Any UK law on cycle helmets should apply only to kids

March 7, 2012

Any law to make the wearing of cycle helmets mandatory in the UK should apply only to children, because the evidence that cycle helmets significantly protect adults against serious head injury is equivocal, conclude researchers in the Journal of Medical Ethics.

And it's a matter of principle that people should be allowed to take risks with their health, if they choose to do so, they argue.

Attempts to make the wearing of cycle helmets compulsory in 1998/9 and 2003/4 both failed, possibly because the doctors' union, the British Medical Association (BMA), refused to support such legislation, suggest the authors from St George's, University of London and the London Deanery.

But in 2010 the BMA changed its mind, and the Northern Ireland Assembly has recently voted in favour of a bill to make cycle helmets compulsory, prompting the authors to conclude that similar legislation in Britain is just around the corner.

They agree that legislation for children may be warranted: the evidence in favour of the protection afforded by cycle helmets in this age group "is strong," and younger children may not be mature enough to make such decisions for themselves, they say.

But the evidence for adults is "not as clear cut as many of cycle helmet legislation seem to think," they write.

They point to Australian research showing that most (80%) killed or seriously injured were wearing helmets at the time of the incident. And the overall risk is small, irrespective of whether a helmet is worn, say the authors.

"There were 17064 reported cycling in 2008 in the UK, yet the number of fatalities(104) and the number of serious injuries (2606) were not large—especially when one considers the number of 'road miles' covered by cyclists in the UK every year," they write.

This compares with over 35,000 deaths from lung cancer alone in 2008—"a figure that dwarfs the deaths from cycling," they emphasise.

They argue that cycle helmets do not provide the same level of protection as motor bike helmets, which recent research shows cut the risk of head injury by 69% and that of death by 42%.

However, motorcycle helmets are made of heavier material than cycle helmets, so are not a viable option for cyclists, they say. And while helmets work well for those who fall off their bike, it is less clear whether they provide much protection against the many cycling injuries sustained during a collision with another vehicle.

While the evidence from countries where cycle helmets are mandatory indicates a fall in , other evidence suggests this might be because helmet legislation deters people from cycling.

Quite apart from anything else, a law mandating the wearing of cycle helmets is "paternalistic," argue the authors. While that may be appropriate for children, for competent adults, "this must give us significant pause," they contend.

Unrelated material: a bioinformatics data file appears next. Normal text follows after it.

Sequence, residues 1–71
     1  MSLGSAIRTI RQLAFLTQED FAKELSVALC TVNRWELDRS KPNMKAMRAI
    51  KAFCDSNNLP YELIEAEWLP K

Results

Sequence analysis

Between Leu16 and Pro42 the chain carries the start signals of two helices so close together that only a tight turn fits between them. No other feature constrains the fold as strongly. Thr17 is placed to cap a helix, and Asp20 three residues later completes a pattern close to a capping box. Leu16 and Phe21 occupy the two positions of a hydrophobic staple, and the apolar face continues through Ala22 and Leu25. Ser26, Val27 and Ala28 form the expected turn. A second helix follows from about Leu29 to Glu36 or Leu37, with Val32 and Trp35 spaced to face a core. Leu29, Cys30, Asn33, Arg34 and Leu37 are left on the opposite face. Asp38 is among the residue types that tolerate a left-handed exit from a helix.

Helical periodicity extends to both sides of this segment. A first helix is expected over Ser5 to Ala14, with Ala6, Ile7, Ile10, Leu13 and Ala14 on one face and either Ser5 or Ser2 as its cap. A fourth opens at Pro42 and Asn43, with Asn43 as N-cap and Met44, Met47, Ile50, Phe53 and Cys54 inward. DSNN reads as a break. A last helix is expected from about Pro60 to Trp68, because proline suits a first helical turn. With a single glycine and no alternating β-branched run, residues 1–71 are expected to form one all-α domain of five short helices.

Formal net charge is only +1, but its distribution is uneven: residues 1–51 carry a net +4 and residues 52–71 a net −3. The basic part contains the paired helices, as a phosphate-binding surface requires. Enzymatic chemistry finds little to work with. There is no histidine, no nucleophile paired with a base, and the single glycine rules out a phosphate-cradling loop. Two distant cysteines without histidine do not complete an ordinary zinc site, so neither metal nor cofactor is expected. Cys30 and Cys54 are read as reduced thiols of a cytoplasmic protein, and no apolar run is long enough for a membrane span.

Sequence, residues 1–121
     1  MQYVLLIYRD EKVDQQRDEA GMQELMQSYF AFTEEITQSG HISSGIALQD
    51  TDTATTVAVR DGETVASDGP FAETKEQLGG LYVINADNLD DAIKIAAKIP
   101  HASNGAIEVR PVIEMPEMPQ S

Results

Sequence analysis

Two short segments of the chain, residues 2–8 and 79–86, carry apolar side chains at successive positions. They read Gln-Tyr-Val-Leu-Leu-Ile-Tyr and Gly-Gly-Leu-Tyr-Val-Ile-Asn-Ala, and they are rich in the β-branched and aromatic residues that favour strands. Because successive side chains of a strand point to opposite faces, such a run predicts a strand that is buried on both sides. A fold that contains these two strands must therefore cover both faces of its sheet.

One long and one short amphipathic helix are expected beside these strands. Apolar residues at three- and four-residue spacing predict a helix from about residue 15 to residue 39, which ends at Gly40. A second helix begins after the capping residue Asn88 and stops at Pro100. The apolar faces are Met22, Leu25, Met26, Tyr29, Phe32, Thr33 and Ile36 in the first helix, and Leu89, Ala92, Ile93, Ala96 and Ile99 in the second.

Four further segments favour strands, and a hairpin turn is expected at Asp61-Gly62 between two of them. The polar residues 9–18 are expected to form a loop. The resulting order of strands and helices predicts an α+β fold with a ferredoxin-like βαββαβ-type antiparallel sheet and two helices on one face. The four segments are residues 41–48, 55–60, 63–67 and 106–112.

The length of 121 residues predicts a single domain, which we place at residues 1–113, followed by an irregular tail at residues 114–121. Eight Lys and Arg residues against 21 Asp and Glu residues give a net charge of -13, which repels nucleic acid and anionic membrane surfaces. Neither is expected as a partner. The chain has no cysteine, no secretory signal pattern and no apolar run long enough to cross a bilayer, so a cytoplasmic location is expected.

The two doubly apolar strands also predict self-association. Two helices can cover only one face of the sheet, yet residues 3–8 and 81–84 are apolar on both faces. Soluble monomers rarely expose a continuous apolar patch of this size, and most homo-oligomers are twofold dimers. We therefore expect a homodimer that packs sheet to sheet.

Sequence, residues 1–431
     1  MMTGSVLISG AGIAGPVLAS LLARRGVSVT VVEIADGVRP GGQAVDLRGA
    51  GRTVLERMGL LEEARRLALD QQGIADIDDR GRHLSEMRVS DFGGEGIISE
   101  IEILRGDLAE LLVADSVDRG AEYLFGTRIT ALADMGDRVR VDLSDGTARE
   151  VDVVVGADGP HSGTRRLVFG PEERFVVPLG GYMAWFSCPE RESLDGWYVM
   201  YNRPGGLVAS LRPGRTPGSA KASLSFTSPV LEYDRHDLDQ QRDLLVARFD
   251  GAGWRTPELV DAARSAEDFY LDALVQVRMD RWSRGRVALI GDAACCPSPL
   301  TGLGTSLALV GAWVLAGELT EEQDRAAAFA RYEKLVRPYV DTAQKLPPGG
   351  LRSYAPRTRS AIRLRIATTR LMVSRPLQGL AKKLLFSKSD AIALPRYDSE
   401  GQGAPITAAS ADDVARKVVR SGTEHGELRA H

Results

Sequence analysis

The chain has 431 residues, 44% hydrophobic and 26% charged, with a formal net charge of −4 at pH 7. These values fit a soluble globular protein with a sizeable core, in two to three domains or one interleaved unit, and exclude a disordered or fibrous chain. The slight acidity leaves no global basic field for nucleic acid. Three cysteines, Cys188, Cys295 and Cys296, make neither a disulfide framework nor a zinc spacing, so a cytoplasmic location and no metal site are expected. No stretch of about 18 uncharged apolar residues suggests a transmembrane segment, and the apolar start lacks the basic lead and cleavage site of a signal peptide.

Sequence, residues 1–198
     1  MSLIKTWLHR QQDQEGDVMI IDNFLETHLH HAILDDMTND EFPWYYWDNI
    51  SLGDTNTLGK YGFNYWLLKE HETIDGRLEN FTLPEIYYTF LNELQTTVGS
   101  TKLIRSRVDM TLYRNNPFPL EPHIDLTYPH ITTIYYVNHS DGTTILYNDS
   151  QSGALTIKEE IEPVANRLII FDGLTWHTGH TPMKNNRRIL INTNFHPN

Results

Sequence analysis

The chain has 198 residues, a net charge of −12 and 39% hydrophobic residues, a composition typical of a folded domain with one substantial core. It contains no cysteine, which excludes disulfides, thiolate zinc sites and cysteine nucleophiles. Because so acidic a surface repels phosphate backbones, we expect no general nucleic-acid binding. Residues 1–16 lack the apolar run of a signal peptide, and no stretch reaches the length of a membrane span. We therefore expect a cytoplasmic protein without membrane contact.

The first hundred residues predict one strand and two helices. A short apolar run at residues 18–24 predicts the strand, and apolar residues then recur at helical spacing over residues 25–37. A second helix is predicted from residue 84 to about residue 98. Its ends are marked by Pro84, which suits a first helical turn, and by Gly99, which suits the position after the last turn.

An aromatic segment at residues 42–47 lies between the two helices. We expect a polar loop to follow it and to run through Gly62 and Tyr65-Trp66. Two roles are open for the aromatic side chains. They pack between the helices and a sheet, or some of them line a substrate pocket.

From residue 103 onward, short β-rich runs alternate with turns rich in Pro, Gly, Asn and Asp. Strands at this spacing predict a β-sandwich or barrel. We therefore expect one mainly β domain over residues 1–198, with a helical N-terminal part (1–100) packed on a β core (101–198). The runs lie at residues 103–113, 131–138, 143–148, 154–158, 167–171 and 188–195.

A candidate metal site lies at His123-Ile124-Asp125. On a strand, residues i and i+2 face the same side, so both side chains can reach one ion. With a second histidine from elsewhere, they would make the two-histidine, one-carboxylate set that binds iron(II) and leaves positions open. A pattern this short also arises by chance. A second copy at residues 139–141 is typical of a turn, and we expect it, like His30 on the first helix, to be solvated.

Instead of legislation, governments should continue to provide public health information to their citizens about the potential benefits of wearing cycle helmets and leave it up to them to decide for themselves, say the authors.

"If competent adults wish to cycle with their hair (or their shiny pates) exposed to the wind, rain, and sky, then they ought to be able to do so without interference from the government or anyone else," they conclude.

Explore further: Australia: Helmets off to legislation

Related Stories

Australia: Helmets off to legislation

December 5, 2011
Cycling levels in Sydney could more than double if laws forcing cyclists to wear helmets were repealed, according to new research published today in the Health Promotion Journal of Australia.

The impact of compulsory cycle helmet legislation on cyclist head injuries

June 22, 2011
Bicycle-related head injuries fell significantly in the months after mandatory helmet legislation came into effect in NSW, and recent calls for a repeal of the laws should be rejected, new research based on hospital admissions ...

Researchers say helmet laws effective

April 22, 2011
(Medical Xpress) -- University of Alberta researchers have confirmed that helmet bylaws increase wearing rates among adults.

Recommended for you

Sugar not so sweet for mental health

July 27, 2017
Sugar may be bad not only for your teeth and your waistline, but also your mental health, claimed a study Thursday that was met with scepticism by other experts.

Could insufficient sleep be adding centimeters to your waistline?

July 27, 2017
Adults in the UK who have poor sleep patterns are more likely to be overweight and obese and have poorer metabolic health, according to a new study.

Vitamin E-deficient embryos are cognitively impaired even after diet improves

July 27, 2017
Zebrafish deficient in vitamin E produce offspring beset by behavioral impairment and metabolic problems, new research at Oregon State University shows.

The role of dosage in assessing risk of hormone therapy for menopause

July 27, 2017
When it comes to assessing the risk of estrogen therapy for menopause, how the therapy is delivered—taking a pill versus wearing a patch on one's skin—doesn't affect risk or benefit, researchers at UCLA and elsewhere ...

Blowing smoke? E-cigarettes might help smokers quit

July 26, 2017
People who used e-cigarettes were more likely to kick the habit than those who didn't, a new study found.

Brain disease seen in most football players in large report

July 25, 2017
Research on 202 former football players found evidence of a brain disease linked to repeated head blows in nearly all of them, from athletes in the National Football League, college and even high school.

0 comments

Please sign in to add a comment. Registration is free, and takes less than a minute. Read more

Click here to reset your password.
Sign in to get notified via email when new comments are made.